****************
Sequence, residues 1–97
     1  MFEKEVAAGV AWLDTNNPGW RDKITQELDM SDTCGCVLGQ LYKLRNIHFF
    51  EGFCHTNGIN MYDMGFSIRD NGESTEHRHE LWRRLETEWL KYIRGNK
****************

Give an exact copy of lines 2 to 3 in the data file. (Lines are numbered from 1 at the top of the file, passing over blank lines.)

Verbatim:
     1  MFEKEVAAGV AWLDTNNPGW RDKITQELDM SDTCGCVLGQ LYKLRNIHFF
    51  EGFCHTNGIN MYDMGFSIRD NGESTEHRHE LWRRLETEWL KYIRGNK